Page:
PP+SS CoverIntroducing Pride and Prejudice and a Shakespearean Scholar

Unless one knows the value of loyalty, he cannot appreciate the cost of betrayal.

What if Darcy and Elizabeth met weeks before the Meryton assembly? What if there is no barely “tolerable” remark to have Elizabeth rejecting Mr. Darcy’s affections, but rather a dip in a cold creek that sets her against him? What if Mr. Bennet is a renown Shakespearean scholar who encourages Darcy to act the role of Petruchio from Shakespeare’s “The Taming of the Shrew” to bring Elizabeth’s Katherina persona to the line?

ELIZABETH BENNET’s pride has her learning a difficult lesson: Loyalty is hard to find, and trust is easy to lose. Even after they share a passionate kiss outside the Meryton assembly hall and are forced to marry, Elizabeth cannot forget the indignity she experienced at the hands of Fitzwilliam Darcy. Although she despises his high-handedness, Elizabeth appreciates the protection he provides her in their marriage. But can she set her prejudice aside long enough to know a great love?

FITZWILLIAM DARCY places only two demands on his new wife: her loyalty and her trust, but when she invites his worst enemy to Darcy House, he has no choice but to turn her out. Trusting her had been his decision, but proving his choice the right one before she destroys two hearts meant to be together must be hers, and Darcy is not certain Elizabeth is up to the task.

Excerpt from Chapter 20…

Five days. Five days of bliss had filled her world until it came tumbling down about her. And the devastation was all her fault. Despite her best efforts, Elizabeth had failed her husband, driving him from her life forever.

On Friday, Darcy and Georgiana had set out early to make a last-minute call upon the Matlocks to firm up plans for a traditional Twelfth Night celebration and then to the music store for more sheet music for Miss Darcy. Mrs. Annesley was to sit with Elizabeth in the case of callers in the absence of the Darcys, but the lady had turned her ankle on a worn strip of carpeting, and Elizabeth had insisted that Georgiana’s companion rest with her leg elevated, rather than greet the few visitors who had yet come for a look at the new mistress of Darcy House.

She was not expecting anyone else to entertain, but that had been her mistake. Mrs. Hyten and her daughter were just preparing to leave Elizabeth’s sitting room when Mr. Thacker announced, “Lieutenant Wickersham to speak to the lady of the house, ma’am.”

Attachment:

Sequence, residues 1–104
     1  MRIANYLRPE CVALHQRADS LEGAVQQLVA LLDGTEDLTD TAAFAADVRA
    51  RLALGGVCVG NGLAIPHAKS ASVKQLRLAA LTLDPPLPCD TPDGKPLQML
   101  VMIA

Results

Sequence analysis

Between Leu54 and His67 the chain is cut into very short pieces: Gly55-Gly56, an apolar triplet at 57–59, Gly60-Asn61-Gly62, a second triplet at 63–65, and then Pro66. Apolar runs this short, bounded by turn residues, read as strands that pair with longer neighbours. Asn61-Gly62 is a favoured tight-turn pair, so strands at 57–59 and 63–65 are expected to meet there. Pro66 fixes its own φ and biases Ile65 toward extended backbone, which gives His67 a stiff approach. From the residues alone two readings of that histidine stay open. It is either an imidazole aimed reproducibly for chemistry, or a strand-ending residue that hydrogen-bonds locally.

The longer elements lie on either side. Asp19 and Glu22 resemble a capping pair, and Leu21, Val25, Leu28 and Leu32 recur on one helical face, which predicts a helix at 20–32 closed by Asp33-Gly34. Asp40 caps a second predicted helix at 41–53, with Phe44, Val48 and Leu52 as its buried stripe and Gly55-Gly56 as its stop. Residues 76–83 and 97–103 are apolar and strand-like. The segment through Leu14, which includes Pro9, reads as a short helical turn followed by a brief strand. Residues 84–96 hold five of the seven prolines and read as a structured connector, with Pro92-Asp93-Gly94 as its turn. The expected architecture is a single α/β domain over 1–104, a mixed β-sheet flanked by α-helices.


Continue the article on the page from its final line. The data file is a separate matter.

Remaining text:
Elizabeth’s heart sank. She knew no one named Wickersham, but she did know a Lieutenant Wickham. Had Mr. Wickham taken her “I must consider your request before I approach my husband” to mean that the lieutenant was to call upon her personally? Or that her consideration was a guarantee that she would act as Mr. Wickham had asked? And what would her husband do if he discovered that she had admitted the lieutenant; yet, how could she deny him with Mrs. Hyten closely observing Elizabeth’s every action. The woman was known as one of London’s busiest gossips. “Show the lieutenant up, Mr. Thacker,” Elizabeth responded in the calm tone that Darcy often employed. To Mrs. Hyten she said, “The lieutenant is a relative of a relative in the Darcy family.” Which was not a lie exactly, for Mr. Wickham was the late Mr. Darcy’s godson. “Mr. Darcy has agreed to assist him in securing a commission in the Regulars. I am certain my husband simply overlooked his meeting with the gentleman.” Which were two untruths. Had her expression told Mrs. Hyten of her anxiety, or had Elizabeth appeared casual? She doubted so.

“Do you wish us to stay?” Mrs. Hyten asked with a lift of her brows. “We would be pleased to take the acquaintance of any of Mr. Darcy’s relatives.”

“I appreciate the offer,” Elizabeth assured. “But as this is a very private matter, and Mr. Darcy is a very private man, I think it best if I meet with the gentleman alone. However, I understand your caution, and so I will ask Mrs. Annesley, Miss Darcy’s companion, who rests in the room beyond,” Elizabeth gestured in the direction of her chambers, for Mrs. Annesley was further along the hall, a fact which would not create another lie, “or Sally to sit with me.” She stood to end the conversation just as Mr. Thacker directed Lieutenant Wickham into the room. “Thank you, Mr. Thacker. Please show the Hytens out and ask either Sally or Mrs. Guthrie to join me.” To Mrs. Hyten, she said, “I hope you will call again when the Darcys return to London in the spring. It has been a great honor to have your acquaintance, ma’am.”

With a departing curtsey, the Hytens left the room. The lieutenant waited only long enough for Mr. Thacker’s footsteps to recede before saying, “Very nice.” He glanced about the sitting room. “It is as I imagined.”

“You have never been to Darcy House?” she asked with a bit of curiosity. She would have thought Wickham privy to all the Darcy properties.

“My father was the steward at Pemberley. There was no reason for us to travel with the Darcy family to London. Obviously, I have often viewed the outside of Darcy’s domain, but I was never received within until this day.”

Elizabeth shook her head as if to clear it. Whether Wickham had ever been to Darcy House was not the issue. She needed to be rid of him before Darcy returned. “Thank you for the courtesy of a response, but I must insist on knowing why you are here, Mr. Wickham?” she demanded.

The lieutenant’s eyes narrowed. “You promised to speak to Darcy about a reconciliation. I pray you have not changed your mind.”

Guarded, Elizabeth had yet to sit or to invite him to do so. It was important to move this conversation along and to have the lieutenant showed out. “You err, sir. I promised to consider your request. I have not broached the subject to my husband, and until I do and he agrees, I must ask you to leave.”

She noted that Lieutenant Wickham stiffened. “It grieves me to hear so.” He broke off with a frown. “I thought I had found a champion in you, Mrs. Darcy.” His voice lowered, “I thought that you and I shared a hatred for all things Darcy.”


Knobstick Wedding –

Naked and Smock Weddings of Early New England

A Survivor’s Guide to a Georgian Wedding


About reginajeffers

Regina Jeffers is the award-winning author of Austenesque, Regency and contemporary novels.